Bugs end hunger/floating solar power plants

June 22, 2017

For many, if you offered them a plate of insects they'd say "I'm no longer hungry."  But there is a movement promoting bugs as a viable food source for people.  To prove it, Jeremy Connor, head of Seeds of Action ate insects as his primary protein source for the last month. 

After we covered floating nuclear plants possibly coming to China, we've been seeing headlines about world's largest floating solar power plant now online there. This is something more common than many people realize. The company Ciel and Terre has installed them in Japan, France, South Korea, China, Brazil, Taiwan, and the United States. We're joined by Eva Polybels of Ciel and Terre.


Solar’s incredible growth/Toast beer made from leftover bread

June 16, 2017

Solar power accounts for 39% of all new electricity generation capacity last year. Greentech Media recently hosted its 10th annual solar summit and to give us an overview of where the industry's headed, we have Stephen Lacey, Green Tech Media's editor in chief.

Toast Ale is beer that reduces food waste by using leftover bread that is otherwise thrown out. To tell us more is Madeline Holtzman of Toast Ale.

Tom Appel of Consumer Guide Automotive shares a test drive of the Kia Niro hybrid crossover.


The Farm Bill and food waste/Plastic-eating caterpillars

June 9, 2017

The United States spends 218 billion dollars each year on food that is never eaten while one in seven Americans faces food insecurity. This is part of a new report on food waste from the Harvard Law School Food Law and Policy Clinic. To help us understand how we can improve our food system in the US is Christina Rice, one of the authors of the report.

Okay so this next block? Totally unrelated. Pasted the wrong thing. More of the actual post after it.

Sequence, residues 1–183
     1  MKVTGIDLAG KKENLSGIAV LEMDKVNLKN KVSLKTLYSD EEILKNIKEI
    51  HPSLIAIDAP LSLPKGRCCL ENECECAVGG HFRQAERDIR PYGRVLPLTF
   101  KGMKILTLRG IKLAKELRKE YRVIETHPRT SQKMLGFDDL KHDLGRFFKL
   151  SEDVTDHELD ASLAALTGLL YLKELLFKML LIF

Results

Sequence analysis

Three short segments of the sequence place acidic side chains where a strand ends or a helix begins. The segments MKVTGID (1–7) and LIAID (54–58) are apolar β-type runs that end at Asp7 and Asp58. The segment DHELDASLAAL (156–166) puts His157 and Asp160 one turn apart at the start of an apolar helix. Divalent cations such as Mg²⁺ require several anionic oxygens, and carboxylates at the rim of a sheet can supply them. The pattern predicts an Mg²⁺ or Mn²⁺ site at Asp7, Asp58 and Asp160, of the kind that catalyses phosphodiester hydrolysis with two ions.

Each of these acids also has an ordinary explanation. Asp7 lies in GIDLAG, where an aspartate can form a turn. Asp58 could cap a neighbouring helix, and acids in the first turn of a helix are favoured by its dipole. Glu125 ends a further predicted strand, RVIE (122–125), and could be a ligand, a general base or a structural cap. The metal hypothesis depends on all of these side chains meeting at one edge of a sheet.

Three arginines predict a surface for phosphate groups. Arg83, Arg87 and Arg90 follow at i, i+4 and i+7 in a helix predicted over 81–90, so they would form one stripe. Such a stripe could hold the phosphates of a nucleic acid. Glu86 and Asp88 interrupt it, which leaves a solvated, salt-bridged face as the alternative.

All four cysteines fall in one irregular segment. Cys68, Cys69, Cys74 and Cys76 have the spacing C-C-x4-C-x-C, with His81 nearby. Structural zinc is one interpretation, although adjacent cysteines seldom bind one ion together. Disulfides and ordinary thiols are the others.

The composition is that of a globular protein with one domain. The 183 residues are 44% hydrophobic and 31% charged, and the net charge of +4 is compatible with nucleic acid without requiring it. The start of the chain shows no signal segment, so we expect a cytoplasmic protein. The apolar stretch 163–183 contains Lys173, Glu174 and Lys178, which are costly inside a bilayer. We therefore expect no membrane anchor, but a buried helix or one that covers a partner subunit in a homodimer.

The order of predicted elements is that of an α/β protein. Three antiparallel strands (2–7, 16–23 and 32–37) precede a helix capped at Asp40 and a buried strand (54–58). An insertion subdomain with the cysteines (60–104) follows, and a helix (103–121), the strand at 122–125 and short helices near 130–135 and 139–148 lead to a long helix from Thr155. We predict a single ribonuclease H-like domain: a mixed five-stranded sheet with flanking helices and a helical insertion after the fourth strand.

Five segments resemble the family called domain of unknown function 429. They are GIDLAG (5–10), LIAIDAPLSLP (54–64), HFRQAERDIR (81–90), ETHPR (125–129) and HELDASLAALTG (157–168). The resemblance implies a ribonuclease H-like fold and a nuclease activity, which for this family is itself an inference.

Plastic bags are being used every year by the trillions. There have been lots of efforts made to reduce the amount of plastic we produce, but what about all of it that’s already there?  Paolo Bombelli with the University of Cambridge is co-author of a new paper about how a certain insect larvae could be part of the answer.


Green Builder Reader Survey/Wild Earth Guardians

May 31, 2017

Saving energy tops the list of more and more people who are improving their homes and for the people who do the work to improve them. The latest issue of Green Builder magazine surveyed contractors and other green pros about who’s best when it comes to lights, water heaters, deck materials and other stuff used in building and improving homes. Joining us is CEO Sara Gutterman.

More than half of all marine species may be at risk of extinction by within the next 100 years unless we make significant conservation efforts. That’s according to the organization WildEarth Guardians, which has been making a lot of those efforts including helping the six types of fish which were just added to the list of protected species by the Endangered Species Act. Joining us is Bethany Cotton from Wild Earth Guardians.


Glacier National Park glaciers disappearing/Floating nuclear power plants

May 26, 2017
The glaciers of Glacier National Park in Montana could be gone in our lifetime. A report from the US Geological Survey says they’ve already
shrunk by 40 percent in the last 50 years. Daniel Fagre’s a research ecologist with the USGS’s Northern Rocky Mountain Science Center
says their fate is sealed and they’ll be gone in the coming years.
There’ve been reports of floating nuclear power plants being developed by China in order to power islands in the South China Sea. Are these
“floating Chernobyls” or an example of a viable power source that we could learn from in the US. David Lochbaum is the Director of the Nuclear Safety Project with the Union of Concerned Scientists.

Evolution Trash Bags/Green Bond’s Unprecedented Growth/Toyota’s Project Portal

May 18, 2017